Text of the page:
1.1.8  Whilst we fully recognise the benefits of opening the Fire & Rescue Service to multi-tier entry, we believe that ensuring the competence of our incident commanders at all levels is crucial to maintaining our world class reputation as an emergency response agency. Our ability and expertise in all aspects of critical incident operations must be preserved.


2.1  Regional Control Centres

  2.1.1  The Association of Principal Fire Officers (APFO) are not fully convinced that a robust business case has been made to support the creation of nine Regional Control Centres. Our members have concerns as to the potential revenue costs of the FiReControl Project which may eventually fall upon local tax payers and the consequential responsibility for that will lie with the senior managers of the Service to drive through the project and manage the eventual outcomes.

  2.1.2  We have previously stated that we would support a project that clearly delivers enhanced resilience, greater interoperability between Fire & Rescue Services, enhanced operational effectiveness including call handling, provides for better operational working with other partners in particular Police Forces and Ambulances Services, and delivers better value for money for local taxpayers. APFO continue to lend our support to a project that is designed to deliver improvements to a key aspect of the Critical National Infrastructure.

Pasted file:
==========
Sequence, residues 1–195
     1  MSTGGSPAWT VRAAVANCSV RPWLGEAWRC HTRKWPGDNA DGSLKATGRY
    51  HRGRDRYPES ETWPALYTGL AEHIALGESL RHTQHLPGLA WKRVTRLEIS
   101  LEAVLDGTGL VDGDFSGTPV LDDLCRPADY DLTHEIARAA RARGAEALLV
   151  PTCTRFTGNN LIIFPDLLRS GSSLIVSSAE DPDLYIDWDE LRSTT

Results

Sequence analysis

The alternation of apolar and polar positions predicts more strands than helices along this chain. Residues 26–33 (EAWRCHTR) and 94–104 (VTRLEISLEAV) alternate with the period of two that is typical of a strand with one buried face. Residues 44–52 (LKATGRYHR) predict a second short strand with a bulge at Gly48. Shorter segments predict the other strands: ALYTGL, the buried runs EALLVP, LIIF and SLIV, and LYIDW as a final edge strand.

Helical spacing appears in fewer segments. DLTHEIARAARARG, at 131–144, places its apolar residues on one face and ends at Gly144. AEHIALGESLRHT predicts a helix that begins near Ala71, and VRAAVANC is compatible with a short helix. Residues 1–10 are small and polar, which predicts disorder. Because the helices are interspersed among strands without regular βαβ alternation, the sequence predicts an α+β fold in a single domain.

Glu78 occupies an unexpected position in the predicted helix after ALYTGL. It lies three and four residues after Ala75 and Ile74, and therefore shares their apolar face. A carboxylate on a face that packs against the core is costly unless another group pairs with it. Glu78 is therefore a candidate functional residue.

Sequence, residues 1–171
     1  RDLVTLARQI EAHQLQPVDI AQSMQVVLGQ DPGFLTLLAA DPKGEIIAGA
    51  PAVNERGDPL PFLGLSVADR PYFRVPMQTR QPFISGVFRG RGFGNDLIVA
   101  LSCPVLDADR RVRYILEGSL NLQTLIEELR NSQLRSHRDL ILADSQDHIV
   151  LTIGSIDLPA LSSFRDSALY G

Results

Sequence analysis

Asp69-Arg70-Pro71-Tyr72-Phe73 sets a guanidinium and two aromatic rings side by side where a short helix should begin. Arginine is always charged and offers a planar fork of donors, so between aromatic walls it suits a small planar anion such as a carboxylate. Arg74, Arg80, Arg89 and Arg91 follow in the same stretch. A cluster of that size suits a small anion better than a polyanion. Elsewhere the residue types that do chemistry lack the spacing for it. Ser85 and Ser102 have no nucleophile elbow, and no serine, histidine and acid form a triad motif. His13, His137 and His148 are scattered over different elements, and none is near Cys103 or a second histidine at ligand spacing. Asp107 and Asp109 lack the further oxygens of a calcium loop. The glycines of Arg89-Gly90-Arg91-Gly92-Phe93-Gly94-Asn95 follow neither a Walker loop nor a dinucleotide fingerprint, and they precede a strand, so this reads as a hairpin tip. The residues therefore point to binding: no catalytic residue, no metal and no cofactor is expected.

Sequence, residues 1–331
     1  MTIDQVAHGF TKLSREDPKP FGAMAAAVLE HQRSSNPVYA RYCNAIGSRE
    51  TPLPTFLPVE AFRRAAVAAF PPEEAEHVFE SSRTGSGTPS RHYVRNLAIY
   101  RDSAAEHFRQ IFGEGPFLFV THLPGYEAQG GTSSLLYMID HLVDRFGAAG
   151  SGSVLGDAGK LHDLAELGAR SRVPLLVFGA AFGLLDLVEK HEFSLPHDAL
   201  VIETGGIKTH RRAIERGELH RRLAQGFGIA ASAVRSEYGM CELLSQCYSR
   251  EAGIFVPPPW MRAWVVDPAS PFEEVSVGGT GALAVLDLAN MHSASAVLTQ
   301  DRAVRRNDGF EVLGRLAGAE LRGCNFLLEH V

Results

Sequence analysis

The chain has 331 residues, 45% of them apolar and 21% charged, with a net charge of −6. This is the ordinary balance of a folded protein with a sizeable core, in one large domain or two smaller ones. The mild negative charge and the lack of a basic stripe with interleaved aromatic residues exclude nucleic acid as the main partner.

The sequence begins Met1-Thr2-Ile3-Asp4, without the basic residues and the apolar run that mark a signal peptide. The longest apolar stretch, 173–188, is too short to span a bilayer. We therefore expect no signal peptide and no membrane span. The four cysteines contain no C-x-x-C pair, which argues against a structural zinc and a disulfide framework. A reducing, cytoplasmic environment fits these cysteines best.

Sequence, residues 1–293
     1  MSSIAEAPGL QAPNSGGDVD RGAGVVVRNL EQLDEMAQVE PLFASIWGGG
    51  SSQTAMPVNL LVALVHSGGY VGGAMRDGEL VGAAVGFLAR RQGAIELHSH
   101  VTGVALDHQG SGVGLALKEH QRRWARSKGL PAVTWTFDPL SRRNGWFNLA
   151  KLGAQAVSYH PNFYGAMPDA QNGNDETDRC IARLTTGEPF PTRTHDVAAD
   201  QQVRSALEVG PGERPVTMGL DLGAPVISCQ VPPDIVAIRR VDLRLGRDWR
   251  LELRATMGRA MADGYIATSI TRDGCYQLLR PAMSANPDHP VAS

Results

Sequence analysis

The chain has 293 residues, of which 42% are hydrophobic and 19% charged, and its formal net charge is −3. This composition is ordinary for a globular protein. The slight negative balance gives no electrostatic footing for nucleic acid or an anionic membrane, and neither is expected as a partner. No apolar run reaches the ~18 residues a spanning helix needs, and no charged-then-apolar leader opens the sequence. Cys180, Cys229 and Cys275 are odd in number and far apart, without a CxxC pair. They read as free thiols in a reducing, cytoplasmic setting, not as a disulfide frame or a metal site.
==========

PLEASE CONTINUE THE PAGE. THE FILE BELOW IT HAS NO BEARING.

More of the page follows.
2.1.3  We are not opposed in principle to a reduction in the number of existing Fire Control Centres, rather we wish to articulate a professional view that prior to embarking upon a project of this magnitude, the full business case including details of the revenue and capital costs and apportionment would have been made available for all key stakeholders to consider alongside the clearly stated service effectiveness outcomes.

  2.1.4  Our Association has raised what we believe to be quite legitimate questions regarding the potential additional costs, which we consider may fall upon local Fire Authorities as an outcome of the FiReControl Project, as well as seeking assurances with regard to governance arrangements for the new Fire Control Centres including legal accountabilities and responsibilities with regard to the Fire & Rescue Services Act 2004. Whilst we have received some general responses from the Office of the Deputy Prime Minister (ODPM), we await clarification on the matters we have raised in our earlier discussions with ODPM representatives.

  2.1.5  APFO recognise and understand the need for Government to have in place effective arrangements to protect the security and infrastructure of the country, and can understand there is merit within the case put forward for larger Fire Control Centres. Indeed our members have already agreed to support cross-border working and have given a commitment to respond nationwide to maintain and ensure effective incident command arrangements.